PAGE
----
How The Coronavirus Is Affecting Immigrants and Refugees
Plus, anti-immigration policies put people at an even higher risk.
Migrant camps exist all over the world and are uniquely vulnerable to illnesses like the novel coronavirus, as they are often crowded far past capacity, and don’t have access to enough resources when it comes to quarantining and social distancing.
In the U.S., policies implemented by the Trump administration put migrants at a higher risk for contracting illnesses. Their “public charge” rule, which was announced in February, makes it more difficult for legal immigrants to obtain a green card if they access federal benefits like Medicaid. This means they are less likely to access medical plans that would allow them to contact doctors to report their symptoms. And though the U.S. Citizenship and Immigration Services said on March 13 that seeking treatment or preventive services won’t affect migrants’ immigration status under the controversial rule, the announcement came after lawmakers and advocacy groups repeatedly urged the government to suspend the rule amid the pandemic.
The “Remain in Mexico” policy also requires that most asylum seekers have to wait for their court hearings in Mexico after they’re processed by U.S. immigration. Prior to the policy, migrants would be released into the U.S. after processing. Now, they are given papers telling them to wait in Mexico until their immigration hearing, many of which happen months after migrants arrive. This policy has forced immigrants to wait in border Mexican cities in tent encampments or crowded shelter systems, making them vulnerable to robberies, assault, or illness.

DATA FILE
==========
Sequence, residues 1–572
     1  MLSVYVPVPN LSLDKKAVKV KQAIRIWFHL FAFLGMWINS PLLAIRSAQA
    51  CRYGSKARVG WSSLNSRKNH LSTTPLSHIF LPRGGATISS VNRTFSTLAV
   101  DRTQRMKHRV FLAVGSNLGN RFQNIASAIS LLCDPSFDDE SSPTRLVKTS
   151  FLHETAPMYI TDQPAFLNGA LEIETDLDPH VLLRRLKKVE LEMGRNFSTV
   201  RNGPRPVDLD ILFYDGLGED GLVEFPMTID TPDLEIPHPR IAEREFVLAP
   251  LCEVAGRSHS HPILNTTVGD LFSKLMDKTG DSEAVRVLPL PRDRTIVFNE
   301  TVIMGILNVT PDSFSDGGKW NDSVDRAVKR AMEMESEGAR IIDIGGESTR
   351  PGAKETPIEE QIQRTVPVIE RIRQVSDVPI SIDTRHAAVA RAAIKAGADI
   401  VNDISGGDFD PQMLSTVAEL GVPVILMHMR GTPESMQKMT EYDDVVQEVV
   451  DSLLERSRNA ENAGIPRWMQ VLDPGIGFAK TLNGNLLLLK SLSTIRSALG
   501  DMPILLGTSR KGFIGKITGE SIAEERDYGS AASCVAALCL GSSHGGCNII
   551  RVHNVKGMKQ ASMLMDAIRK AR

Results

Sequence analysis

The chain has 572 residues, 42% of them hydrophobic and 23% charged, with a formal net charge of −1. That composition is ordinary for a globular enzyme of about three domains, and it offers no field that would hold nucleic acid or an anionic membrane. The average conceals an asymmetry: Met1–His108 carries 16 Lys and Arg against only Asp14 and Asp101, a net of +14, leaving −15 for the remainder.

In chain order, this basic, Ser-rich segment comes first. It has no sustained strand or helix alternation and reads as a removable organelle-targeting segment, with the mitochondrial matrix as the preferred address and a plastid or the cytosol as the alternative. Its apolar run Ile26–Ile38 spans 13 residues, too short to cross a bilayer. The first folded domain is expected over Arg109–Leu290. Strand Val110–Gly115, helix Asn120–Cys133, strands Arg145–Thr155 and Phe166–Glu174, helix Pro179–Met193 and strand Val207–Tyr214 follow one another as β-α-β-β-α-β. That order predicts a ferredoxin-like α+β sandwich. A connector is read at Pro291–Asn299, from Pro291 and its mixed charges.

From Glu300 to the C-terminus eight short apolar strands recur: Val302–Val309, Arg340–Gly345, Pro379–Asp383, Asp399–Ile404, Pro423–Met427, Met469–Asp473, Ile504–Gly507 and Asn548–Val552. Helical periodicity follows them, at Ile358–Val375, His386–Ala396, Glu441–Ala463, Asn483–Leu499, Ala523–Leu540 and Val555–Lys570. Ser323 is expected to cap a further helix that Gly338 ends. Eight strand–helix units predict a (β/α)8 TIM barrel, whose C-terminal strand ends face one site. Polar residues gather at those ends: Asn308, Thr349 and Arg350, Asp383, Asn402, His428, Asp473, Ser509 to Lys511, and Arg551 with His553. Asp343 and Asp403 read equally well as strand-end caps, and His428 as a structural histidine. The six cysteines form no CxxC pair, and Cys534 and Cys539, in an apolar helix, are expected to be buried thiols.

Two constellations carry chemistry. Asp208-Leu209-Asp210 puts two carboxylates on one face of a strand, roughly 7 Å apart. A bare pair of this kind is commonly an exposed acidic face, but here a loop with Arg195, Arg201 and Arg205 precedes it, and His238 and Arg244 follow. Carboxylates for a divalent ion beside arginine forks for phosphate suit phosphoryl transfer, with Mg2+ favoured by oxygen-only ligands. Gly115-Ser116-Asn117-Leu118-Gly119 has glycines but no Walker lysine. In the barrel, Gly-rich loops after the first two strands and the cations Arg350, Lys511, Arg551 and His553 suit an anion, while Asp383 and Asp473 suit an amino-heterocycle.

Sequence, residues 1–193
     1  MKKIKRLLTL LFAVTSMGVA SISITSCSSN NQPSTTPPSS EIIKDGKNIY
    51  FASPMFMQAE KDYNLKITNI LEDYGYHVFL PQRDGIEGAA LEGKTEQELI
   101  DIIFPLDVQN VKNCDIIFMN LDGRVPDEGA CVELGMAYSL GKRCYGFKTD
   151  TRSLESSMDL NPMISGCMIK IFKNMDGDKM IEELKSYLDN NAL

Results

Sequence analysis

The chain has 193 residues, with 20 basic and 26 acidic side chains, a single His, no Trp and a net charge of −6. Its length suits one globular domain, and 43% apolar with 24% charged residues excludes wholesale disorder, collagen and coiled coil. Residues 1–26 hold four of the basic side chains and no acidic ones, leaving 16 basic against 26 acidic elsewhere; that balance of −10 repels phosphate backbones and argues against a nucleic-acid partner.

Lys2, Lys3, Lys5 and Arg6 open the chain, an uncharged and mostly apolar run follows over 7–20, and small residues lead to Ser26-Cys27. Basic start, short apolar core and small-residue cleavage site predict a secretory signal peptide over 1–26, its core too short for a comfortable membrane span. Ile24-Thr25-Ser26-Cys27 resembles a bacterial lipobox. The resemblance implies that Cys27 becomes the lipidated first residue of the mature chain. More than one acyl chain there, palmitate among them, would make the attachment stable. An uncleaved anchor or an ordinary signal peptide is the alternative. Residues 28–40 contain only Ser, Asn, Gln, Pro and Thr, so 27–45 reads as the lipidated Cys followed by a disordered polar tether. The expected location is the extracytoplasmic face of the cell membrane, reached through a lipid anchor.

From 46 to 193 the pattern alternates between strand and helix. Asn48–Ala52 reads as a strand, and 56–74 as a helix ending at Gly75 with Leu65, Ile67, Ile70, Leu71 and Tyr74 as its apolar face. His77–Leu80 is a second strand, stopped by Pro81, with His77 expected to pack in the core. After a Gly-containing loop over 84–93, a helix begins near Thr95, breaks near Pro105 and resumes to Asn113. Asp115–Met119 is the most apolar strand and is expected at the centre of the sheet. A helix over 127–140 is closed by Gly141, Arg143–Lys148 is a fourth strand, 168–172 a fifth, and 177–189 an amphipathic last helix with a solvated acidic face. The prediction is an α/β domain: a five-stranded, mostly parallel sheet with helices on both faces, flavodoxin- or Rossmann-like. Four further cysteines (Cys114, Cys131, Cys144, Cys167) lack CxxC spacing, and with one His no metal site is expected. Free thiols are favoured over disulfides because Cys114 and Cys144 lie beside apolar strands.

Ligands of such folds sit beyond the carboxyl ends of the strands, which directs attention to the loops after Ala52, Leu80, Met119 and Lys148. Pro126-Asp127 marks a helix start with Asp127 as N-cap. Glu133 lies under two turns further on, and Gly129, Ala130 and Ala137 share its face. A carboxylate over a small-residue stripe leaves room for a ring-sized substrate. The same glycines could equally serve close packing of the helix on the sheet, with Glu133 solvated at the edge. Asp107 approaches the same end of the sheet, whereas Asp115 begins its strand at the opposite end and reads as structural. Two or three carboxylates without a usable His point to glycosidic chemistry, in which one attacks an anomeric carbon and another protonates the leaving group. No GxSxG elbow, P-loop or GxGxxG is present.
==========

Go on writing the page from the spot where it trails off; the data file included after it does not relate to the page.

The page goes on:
Noncitizens are already more likely to be uninsured to begin with, putting them at a higher risk when faced with a health crisis like this one. Due to their legal circumstances, they are often unable to get jobs that provide health insurance, and less likely to have a regular source of care.
Prisons are also at high risk for spreading illnesses. The Federal Bureau of Prisons announced on Friday a 30-day suspension of social visits by inmates' friends and family in an attempt to contain the COVID-19 spread — but many are still wary about how fast the virus would spread in tight and often-overcrowded prison sites.
The threat to immigrant safety isn’t just a problem in the states. Last week, medical charity Médecins Sans Frontières (Doctors Without Borders) urged Greece to evacuate the tens of thousands of migrants living in overcrowded camps throughout its islands, following the first reported COVID-19 fatality among over 100 cases in the country.
“The evacuation of the camps on the Greek islands is now more urgent than ever,” the charity said. “We need to be realistic: It would be impossible to contain an outbreak in such camp settings.”
Advocates in the UK are also calling for hundreds of immigration center detainees in the UK to be released, fearing that they will contract the virus while being locked up.